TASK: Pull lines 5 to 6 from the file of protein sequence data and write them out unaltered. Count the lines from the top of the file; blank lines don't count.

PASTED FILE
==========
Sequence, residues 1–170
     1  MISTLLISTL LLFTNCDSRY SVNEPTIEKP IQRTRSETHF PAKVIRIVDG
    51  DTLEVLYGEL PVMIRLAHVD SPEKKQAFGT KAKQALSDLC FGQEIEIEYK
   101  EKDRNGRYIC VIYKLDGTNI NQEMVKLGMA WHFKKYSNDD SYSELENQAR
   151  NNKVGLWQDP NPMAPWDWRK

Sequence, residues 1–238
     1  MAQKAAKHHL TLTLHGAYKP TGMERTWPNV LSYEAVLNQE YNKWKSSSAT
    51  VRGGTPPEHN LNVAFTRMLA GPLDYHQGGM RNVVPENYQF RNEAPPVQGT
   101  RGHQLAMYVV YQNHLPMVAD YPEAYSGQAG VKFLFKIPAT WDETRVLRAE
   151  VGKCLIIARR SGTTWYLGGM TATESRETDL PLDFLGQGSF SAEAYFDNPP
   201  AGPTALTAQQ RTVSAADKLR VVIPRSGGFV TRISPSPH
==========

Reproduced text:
   151  NNKVGLWQDP NPMAPWDWRK

Sequence, residues 1–238